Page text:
The adage “if you build a better mousetrap the world will beat a path to your door” was never really true. It would be more accurate to say “if you build a better mousetrap, the segment of the market that has a problem with mice is more likely to eventually be dragged somewhere near your door, probably kicking and screaming.”

This applies to the Internet, as well. Most people traditionally think of the Internet — if “traditionally” is a word you can use for something this young — as being a medium of one-to-many. But the notion of one-to-many communication is flawed, especially when it comes to the Internet. Where the Internet truly excels is in the mode of one-to-few or even one-to-one. I’m repeatedly telling people the first step in building a successful business, Internet or otherwise, is to find a niche and fill it.

And that in itself is the Internet’s biggest challenge — and perhaps best opportunity. The advances in computer processing power and the tools now available us all make this type of one-to-one communication a viable option for anyone running a web site or a business. There’s simply no benefit to tailoring a message for everyone when you can tailor your messages for one.

The other big change we’ve seen in the Internet recently is the shift to providing publishing power to individuals. In the early days of the internet the only people who could afford to build web sites were larger companies with vast resources. Over time, tools have emerged to allow smaller businesses — and even individuals — publish professional web sites. And the change has enabled a different type of communication to take place, where individuals have been empowered to compete with companies 100 times their size. The natural extension of this phenomenon was that this communication would continue to become more narrowly focused.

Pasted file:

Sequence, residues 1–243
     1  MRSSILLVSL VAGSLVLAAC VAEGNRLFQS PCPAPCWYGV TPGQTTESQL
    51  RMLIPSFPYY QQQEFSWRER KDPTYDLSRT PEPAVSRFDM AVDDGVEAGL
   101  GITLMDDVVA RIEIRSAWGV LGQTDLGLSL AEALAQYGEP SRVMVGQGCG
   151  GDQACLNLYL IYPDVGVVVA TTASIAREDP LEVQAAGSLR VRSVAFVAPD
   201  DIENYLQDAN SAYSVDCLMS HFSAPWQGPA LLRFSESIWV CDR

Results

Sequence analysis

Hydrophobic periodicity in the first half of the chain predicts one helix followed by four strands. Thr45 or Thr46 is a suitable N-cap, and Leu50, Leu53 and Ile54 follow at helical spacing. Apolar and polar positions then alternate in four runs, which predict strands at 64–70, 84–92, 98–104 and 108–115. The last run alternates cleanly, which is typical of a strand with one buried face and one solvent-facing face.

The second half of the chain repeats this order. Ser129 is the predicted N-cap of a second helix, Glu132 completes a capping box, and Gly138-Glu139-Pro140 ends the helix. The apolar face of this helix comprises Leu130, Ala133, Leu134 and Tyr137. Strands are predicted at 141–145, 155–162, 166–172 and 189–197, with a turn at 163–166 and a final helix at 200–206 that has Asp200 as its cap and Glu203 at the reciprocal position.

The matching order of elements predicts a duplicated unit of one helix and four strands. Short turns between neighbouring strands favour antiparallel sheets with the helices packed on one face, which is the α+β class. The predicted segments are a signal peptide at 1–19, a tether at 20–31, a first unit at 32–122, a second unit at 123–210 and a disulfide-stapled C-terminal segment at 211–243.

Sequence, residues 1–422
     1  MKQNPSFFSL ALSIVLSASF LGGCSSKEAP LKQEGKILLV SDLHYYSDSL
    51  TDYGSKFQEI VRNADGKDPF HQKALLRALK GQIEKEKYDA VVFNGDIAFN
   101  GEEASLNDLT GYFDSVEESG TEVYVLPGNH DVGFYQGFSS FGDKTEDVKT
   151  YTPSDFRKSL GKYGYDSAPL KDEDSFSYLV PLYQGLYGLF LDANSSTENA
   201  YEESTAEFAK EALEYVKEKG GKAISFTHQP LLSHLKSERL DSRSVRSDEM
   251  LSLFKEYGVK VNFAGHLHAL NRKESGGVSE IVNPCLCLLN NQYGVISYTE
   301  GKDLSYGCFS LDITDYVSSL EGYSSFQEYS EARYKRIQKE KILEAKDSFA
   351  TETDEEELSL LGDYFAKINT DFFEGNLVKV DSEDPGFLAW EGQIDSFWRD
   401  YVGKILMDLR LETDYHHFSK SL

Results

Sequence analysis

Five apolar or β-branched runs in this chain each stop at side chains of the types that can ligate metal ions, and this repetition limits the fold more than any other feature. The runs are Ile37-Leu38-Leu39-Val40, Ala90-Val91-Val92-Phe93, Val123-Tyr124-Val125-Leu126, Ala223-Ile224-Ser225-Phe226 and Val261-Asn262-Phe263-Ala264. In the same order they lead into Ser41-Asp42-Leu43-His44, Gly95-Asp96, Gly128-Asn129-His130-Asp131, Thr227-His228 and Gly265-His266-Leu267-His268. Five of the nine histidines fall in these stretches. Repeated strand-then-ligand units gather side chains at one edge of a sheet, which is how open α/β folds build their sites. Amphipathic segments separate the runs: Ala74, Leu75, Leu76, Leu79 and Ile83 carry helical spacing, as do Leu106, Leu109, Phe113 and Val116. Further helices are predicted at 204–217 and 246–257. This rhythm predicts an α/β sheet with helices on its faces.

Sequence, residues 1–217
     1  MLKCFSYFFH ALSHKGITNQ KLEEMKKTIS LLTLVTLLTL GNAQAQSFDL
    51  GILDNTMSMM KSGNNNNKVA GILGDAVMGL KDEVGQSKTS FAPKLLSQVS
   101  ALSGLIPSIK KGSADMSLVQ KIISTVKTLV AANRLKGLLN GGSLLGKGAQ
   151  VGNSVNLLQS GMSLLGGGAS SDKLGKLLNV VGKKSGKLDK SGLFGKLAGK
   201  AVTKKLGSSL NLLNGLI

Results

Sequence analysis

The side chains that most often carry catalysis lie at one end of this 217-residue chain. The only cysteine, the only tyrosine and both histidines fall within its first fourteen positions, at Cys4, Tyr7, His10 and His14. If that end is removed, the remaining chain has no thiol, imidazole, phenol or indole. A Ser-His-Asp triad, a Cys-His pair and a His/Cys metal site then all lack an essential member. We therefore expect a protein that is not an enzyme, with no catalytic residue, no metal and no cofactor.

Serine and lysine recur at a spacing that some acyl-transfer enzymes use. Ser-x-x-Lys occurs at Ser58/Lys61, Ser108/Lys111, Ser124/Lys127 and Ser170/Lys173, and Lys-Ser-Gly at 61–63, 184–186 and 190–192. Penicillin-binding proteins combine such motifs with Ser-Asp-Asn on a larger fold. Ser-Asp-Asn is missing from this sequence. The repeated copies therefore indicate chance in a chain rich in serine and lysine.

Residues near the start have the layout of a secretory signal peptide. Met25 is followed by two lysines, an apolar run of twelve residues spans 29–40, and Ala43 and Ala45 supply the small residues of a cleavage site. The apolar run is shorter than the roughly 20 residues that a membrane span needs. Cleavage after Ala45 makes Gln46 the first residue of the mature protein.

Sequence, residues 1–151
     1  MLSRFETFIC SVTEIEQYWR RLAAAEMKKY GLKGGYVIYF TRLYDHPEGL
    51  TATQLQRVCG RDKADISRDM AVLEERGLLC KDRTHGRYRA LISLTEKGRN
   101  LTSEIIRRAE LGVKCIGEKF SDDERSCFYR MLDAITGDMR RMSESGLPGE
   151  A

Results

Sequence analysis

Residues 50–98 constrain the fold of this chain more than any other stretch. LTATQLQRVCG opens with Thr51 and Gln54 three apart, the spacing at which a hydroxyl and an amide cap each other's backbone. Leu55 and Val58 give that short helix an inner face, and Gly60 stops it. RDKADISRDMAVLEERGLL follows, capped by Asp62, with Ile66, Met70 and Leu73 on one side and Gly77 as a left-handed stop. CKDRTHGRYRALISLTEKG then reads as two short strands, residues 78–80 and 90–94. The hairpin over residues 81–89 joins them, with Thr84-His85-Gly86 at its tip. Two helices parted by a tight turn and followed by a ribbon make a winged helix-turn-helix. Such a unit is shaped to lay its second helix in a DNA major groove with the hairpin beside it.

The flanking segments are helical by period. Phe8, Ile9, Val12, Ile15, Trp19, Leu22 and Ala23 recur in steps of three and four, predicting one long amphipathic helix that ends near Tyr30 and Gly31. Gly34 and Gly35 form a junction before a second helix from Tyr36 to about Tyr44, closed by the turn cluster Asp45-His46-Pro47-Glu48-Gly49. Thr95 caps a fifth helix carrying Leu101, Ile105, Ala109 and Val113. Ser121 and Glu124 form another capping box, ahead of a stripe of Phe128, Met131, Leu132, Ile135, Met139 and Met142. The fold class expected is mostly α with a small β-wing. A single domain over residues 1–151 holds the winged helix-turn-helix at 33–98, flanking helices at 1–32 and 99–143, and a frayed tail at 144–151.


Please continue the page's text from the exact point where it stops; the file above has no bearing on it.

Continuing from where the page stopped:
Sites like Blogger allow individuals to publish their own web sites. People often think of Blogger users as creating web sites for the world to see when, in reality, most people are using Blogger to create web sites for a small audience. For example, I use mine to keep my extended family updated on what’s happening with my immediate family. Back Fence is building a business by creating a method for smaller communities — even down to the neighborhood size — to communicate with each other about events, news, and happenings regarding the neighborhood. Who provides the content? Soccer moms and dads who live in the neighborhood. Even eBay, the world’s largest auction house, excels by segmenting it’s mass market into niches,putting like-minded people together to share information, products, andservices. So if you’re still thinking in terms of mass markets, youprobably need to retool your approach to marketing.

People are using the internet as a source of information and a gateway to create, maintain, and foster environments with other people who have the same interests and concerns. The people and businesses who understand this concept, who use the power of the Internet to their advantage to target and communicate with these smaller markets — in a sense, those businesses that find a niche and fill it — will prevail.